In calibration of a downscaling model for a key predictand at a key station (in a cluster), first the standardized data of the potential predictor which displayed the best correlation with the observations of the key predictand of interest over the whole period of the study was introduced to the downscaling model. Then by minimizing the sum of squared errors between the model outputs and the observations, the optimum values of the constant and the coefficient of the linear regression equation were determined. The performances of the downscaling model in calibration were also monitored using the Nash-Sutcliffe efficiency (NSE) (Nash & Sutcliffe 1970). Thereafter the reanalysis data of that predictand pertaining to the validation period were introduced to the downscaling model while keeping the optimum values of the constant and the coefficient of the linear regression equation determined in calibration fixed. During the validation, the performance of the downscaling model was measured using the NSE. Then the next best potential predictors based on their correlations with the key predictand of interest over the whole period of the study were added to the downscaling model at the key station of interest, one at a time. The downscaling model was calibrated and validated, following the addition of each predictand. It produced multi-linear regression equations between the key predictand and the potential predictors introduced to the downscaling model. This procedure was performed until the model performance in validation reached a maximum in each calendar month. This procedure yielded the best set of potential predictors and the optimum downscaling model for each calendar month. In this manner, downscaling models were developed for each key predictand at each key station in each cluster in each group. The performances of the downscaling models built for each key predictand at each key station were assessed numerically by comparing the statistics of the model outputs with those of observations. Also the model outputs were graphically compared with the observations using scatter plots.

Reproduction of past observations of key predictands and bias-correction

Once the downscaling models were developed for the key predictand at the key station in each cluster in each group, the 20C3M outputs of the GCM (in this study ECHAM5) were standardized with the means and the standard deviation of the reanalysis outputs corresponding to the calibration period. This procedure was practised for each calendar month separately. Then, the past observations of the key predictands at the key stations were simulated, by introducing these standardized 20C3M outputs of the GCM to the downscaling models developed in the previous section. This analysis enabled the assessment of the performances of the downscaling models (developed with reanalysis data) in reproducing the past climate with the 20C3M outputs of the GCM. This analysis was important as these downscaling models which were developed with better quality reanalysis outputs were meant to be used with GCM outputs which have a higher degree of uncertainty, for the projection of catchment scale climate into the future.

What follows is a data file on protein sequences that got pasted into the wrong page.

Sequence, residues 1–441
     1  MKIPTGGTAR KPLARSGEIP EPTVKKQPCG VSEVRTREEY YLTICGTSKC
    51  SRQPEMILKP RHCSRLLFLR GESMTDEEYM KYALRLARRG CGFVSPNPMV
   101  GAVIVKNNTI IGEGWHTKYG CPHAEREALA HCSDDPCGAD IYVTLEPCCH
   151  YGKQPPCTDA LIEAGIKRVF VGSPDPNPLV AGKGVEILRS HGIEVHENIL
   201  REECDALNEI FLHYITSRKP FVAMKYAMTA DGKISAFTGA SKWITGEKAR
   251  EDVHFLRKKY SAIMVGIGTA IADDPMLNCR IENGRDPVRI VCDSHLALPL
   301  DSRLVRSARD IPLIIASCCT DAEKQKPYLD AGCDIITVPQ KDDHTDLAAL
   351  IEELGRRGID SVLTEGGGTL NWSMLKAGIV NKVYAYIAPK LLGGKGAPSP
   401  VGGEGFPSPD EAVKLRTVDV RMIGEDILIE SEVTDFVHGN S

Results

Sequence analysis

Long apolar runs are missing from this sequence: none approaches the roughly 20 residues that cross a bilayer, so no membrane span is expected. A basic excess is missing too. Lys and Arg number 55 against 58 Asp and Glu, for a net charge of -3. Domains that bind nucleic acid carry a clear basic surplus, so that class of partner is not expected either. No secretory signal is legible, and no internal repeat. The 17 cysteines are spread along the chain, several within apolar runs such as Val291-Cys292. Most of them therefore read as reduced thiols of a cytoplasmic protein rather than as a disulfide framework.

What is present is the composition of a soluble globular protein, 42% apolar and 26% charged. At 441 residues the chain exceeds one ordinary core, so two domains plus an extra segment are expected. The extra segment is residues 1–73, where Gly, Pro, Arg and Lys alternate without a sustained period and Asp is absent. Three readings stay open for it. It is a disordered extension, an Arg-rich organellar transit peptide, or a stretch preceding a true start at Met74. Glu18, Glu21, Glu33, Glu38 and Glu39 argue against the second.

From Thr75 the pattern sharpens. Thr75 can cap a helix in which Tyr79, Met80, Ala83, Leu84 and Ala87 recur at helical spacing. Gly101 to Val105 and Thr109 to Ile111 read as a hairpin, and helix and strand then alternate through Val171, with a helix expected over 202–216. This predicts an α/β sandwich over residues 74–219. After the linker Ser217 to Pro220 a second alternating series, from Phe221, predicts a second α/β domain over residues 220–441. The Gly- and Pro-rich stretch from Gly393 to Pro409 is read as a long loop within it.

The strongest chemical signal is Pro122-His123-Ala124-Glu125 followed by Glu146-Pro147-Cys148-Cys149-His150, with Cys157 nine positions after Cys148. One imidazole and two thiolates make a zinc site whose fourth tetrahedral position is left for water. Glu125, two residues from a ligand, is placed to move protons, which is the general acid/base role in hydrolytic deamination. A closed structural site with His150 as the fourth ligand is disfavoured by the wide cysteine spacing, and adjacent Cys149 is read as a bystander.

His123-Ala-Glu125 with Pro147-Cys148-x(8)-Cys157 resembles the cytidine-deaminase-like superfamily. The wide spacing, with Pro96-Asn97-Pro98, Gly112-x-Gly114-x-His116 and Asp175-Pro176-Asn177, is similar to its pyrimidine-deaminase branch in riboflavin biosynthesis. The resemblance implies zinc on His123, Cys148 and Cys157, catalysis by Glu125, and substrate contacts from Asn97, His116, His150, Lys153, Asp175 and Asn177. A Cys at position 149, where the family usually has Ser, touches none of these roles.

The bias contained in GCM outputs can cause downscaling models to produce erroneous projections into the future. According to Salvi et al. (2011), bias is the mismatch between the GCM outputs and the observations. Ojha et al. (2013) emphasized the importance of bias-correction in downscaling. Hence, it was realized that either the bias in the GCM outputs (which are used as inputs to the downscaling model) or the bias in the outputs of the downscaling models run with the GCM outputs should be corrected prior to any use (Sachindra et al. 2014b). In the current study, the monthly bias-correction (refer to Johnson & Sharma (2012) for theory) was used on the outputs of the downscaling models produced when they were run with the 20C3M outputs of the GCM. The monthly bias-correction assumes that the bias in the means and the standard deviations of the outputs of the downscaling models produced for the past will remain the same in future.

In the application of the monthly bias-correction, outputs of the downscaling models pertaining to the calibration period produced with the 20C3M outputs of the GCM were standardized with their means and standard deviations corresponding to the same period. Then these standardized outputs of the downscaling models were rescaled using the means and the standard deviations of the observations relevant to the calibration period of the downscaling model. In the validation of the monthly bias-correction, the outputs of the downscaling models produced over the validation period with the 20C3M outputs of the GCM were standardized with the means and the standard deviations of the outputs of the downscaling models produced over the calibration period with the 20C3M outputs of the GCM. Then these standardized outputs of the downscaling models were rescaled using the means and the standard deviations of the observations pertaining to the calibration period of the downscaling model. The monthly bias-correction was applied and validated for each calendar month separately.

Development of downscaling models at a key station and a member station for a predictand not identified as a key predictand